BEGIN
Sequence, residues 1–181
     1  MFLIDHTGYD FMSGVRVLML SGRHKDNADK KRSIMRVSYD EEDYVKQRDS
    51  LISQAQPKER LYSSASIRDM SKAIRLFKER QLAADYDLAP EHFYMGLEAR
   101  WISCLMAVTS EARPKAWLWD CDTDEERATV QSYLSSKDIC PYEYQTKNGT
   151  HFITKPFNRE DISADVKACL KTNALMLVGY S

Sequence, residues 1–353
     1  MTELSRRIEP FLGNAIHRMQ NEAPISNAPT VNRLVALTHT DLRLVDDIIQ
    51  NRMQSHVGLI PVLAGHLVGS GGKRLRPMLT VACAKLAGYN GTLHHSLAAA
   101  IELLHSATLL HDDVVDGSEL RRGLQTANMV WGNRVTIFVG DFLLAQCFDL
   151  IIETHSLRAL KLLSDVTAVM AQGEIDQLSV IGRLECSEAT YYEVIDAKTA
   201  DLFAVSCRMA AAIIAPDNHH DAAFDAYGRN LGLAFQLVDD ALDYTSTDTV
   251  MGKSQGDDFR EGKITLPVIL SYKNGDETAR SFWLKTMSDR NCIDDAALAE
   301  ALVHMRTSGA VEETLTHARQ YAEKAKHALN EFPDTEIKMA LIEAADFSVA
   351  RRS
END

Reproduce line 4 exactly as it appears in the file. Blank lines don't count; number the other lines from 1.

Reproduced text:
   101  WISCLMAVTS EARPKAWLWD CDTDEERATV QSYLSSKDIC PYEYQTKNGT